August 2020 DailyNation; The Kenya Medical Supplies Authority (Kemsa) has been left holding on to medical supplies worth Sh6 billion that it cannot move because they were bought at inflated prices in the guise of fighting Covid-19.
The agency now claims that it is broke and is asking the government for a Sh5 billion bailout, even as it emerged that it cannot account for Sh17 billion allocated to it for the last financial year.
Two major foreign donors at the Ministry of Health have threatened to withdraw funding due to rampant graft.
A Kemsa board meeting held on Wednesday revealed that the agency’s operations could grind to a halt unless the government offers to bail it out.
Sources who spoke to the Nation said that agency intends to ask the government to allow it sell off some items procured to fight the coronavirus in order to stay afloat.
An ongoing audit has already found out that the agency has at least 10 items worth Sh6,397,034,383 that could have been bought for Sh3,407,512,070.
The agency now wants to sell them at a lower value of Sh4,097,523,208 as it awaits for a cash bail out. If the government agrees to Kemsa’s request, taxpayers stand to lose Sh1,926,841,075.
The Nation is aware that this absurd request is likely to reach Health Cabinet Secretary Mutahi Kagwe this morning (Friday).
But even as Mr Kagwe ponders on whether to re-capitalise an agency already rife with graft, the United States Agency for International Development (USAID) and the Global Fund have raised the red flag over how Kemsa has been spending their money.
The two agencies have informed audit firm PriceWaterHouseCoopers to follow up on a number of audit queries raised by their own investigations on Kemsa.
USAID is run by the United States government while Global Fund is a multi-stakeholder organisation.
“We have noted several areas of concern in the management of procurements at Kemsa as well as in the implementation of Global Fund Grants which we wish to bring to your attention,” Senior Fund Portfolio Manager John Ochero wrote to Health Principal Secretary Susan Mochache on June 23.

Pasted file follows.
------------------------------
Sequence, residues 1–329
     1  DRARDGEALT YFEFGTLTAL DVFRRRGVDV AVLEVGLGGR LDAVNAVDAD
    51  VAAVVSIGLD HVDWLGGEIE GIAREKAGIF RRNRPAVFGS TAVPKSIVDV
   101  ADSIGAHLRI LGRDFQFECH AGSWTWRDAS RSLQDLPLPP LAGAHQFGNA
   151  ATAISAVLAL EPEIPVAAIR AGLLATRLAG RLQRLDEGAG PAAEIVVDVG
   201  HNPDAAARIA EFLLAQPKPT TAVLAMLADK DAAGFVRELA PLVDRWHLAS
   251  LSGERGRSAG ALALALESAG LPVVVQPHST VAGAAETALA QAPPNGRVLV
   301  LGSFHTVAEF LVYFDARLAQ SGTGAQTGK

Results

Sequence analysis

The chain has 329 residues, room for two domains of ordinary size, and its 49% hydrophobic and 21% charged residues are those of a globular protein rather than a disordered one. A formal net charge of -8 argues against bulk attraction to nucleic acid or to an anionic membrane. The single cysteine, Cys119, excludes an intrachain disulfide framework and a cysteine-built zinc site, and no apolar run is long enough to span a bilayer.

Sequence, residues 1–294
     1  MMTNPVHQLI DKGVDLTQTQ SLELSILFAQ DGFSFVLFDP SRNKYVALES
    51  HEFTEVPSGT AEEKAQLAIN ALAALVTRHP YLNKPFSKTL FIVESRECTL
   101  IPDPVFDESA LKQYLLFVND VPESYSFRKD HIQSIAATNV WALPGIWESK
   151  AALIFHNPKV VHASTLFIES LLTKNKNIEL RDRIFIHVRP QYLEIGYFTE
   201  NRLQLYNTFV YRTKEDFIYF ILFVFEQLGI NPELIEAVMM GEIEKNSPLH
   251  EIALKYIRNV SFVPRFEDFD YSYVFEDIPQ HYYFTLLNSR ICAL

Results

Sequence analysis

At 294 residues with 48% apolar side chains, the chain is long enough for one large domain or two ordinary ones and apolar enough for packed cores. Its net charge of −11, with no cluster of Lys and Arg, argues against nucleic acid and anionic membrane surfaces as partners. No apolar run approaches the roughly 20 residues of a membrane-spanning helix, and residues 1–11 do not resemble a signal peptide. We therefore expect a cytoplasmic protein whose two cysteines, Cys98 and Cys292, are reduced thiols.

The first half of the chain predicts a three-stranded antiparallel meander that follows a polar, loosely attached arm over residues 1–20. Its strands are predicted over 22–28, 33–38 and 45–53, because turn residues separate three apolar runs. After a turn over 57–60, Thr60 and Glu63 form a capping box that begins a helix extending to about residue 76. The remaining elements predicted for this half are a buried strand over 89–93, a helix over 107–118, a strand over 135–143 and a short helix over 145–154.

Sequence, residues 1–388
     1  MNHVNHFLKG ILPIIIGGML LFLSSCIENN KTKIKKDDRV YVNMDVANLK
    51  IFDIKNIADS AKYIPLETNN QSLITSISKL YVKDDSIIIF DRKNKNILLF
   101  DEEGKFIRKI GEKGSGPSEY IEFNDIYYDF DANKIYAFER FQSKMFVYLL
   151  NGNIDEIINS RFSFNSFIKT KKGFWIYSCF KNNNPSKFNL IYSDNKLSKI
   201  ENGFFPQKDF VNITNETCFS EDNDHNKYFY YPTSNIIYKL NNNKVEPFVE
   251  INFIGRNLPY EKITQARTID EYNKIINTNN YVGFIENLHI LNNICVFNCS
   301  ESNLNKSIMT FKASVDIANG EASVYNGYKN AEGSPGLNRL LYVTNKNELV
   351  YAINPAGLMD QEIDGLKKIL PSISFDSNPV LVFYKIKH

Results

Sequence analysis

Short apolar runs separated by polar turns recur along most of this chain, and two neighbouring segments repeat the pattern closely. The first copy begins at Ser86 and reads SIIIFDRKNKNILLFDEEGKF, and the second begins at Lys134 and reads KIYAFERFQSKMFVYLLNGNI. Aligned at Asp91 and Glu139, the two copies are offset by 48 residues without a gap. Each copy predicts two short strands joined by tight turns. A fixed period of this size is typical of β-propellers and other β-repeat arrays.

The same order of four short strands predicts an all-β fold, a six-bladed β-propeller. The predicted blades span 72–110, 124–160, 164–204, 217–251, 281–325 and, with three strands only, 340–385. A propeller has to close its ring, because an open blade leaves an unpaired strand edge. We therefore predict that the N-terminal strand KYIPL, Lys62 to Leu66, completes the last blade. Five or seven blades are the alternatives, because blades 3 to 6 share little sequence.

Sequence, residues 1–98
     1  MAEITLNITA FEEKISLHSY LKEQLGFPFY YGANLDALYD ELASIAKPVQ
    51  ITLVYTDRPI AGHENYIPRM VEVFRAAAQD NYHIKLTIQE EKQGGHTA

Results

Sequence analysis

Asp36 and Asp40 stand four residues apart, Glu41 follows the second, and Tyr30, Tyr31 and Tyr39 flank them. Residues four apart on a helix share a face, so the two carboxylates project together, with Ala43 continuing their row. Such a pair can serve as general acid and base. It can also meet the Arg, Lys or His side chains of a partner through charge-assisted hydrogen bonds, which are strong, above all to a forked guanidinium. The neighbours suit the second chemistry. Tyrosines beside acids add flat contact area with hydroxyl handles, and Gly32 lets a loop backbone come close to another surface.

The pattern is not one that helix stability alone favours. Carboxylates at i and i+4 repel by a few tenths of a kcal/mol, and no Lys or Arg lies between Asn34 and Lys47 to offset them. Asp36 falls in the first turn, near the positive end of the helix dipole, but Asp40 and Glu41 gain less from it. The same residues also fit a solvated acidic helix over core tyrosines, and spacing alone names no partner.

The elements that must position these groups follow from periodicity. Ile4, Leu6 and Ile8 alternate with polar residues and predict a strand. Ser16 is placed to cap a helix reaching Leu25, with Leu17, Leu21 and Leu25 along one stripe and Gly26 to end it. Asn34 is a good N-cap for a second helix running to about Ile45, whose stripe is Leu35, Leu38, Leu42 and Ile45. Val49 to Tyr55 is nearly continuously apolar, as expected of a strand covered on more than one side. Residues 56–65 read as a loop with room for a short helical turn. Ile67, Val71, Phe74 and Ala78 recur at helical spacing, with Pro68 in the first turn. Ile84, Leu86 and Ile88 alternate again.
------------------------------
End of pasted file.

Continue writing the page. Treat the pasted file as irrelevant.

“Our local fund agent Price Water House Coopers will follow up,” continued Mr Ochero.
It has also emerged that Kemsa was only allowed to spend Sh758 million during the first phase of financing to fight Covid-19.
The agency’s management was however so overzealous that it overshot its expenditure to Sh4.6 billion then to Sh9 billion.
What is even more dumbfounding is that all this money was given by the World Bank to assist Kenya fight Covid-19.
Health Principal Secretary Susan Mochache wrote to suspended Kemsa chief executive Jonah Manjari on April 15: “This is to approve the procurement of goods worth Sh758,690,583 as outlined in the attached annex. Disregard all other requests made in relation to Covid-19.”
How the expenditure grew from an initially approved Sh758 million to over Sh9 billion is one of the questions auditors and detectives from the Ethics and Anti-Corruption Commission are trying to find answers to.
The Nation has discovered that Kemsa Managers at some point tried to bypass the Health ministry and get Sh5 billion directly from Treasury.
Sources have told the Nation that this plan failed after bureaucrats at Treasury noticed and told the ministry to put its house in order.
On Thursday, Deputy President William Ruto waded into the mess at the Health Ministry, seemingly chastising a government where he is the second in command.
“At least for once it won’t be possible to be blamed for what someone said “started in Wuhan as a virus, landed in Italy as a pandemic and now in Kenya as a multi-billion shilling corruption enterprise,” tweeted the DP.
The scandal has already claimed its first causalities.
Last Friday the Kemsa board sent home its chief executive, Dr Jonah Manjari.
Also suspended alongside the CEO are directors Eliud Muriithi (Commercial) and Charles Juma (Procurement).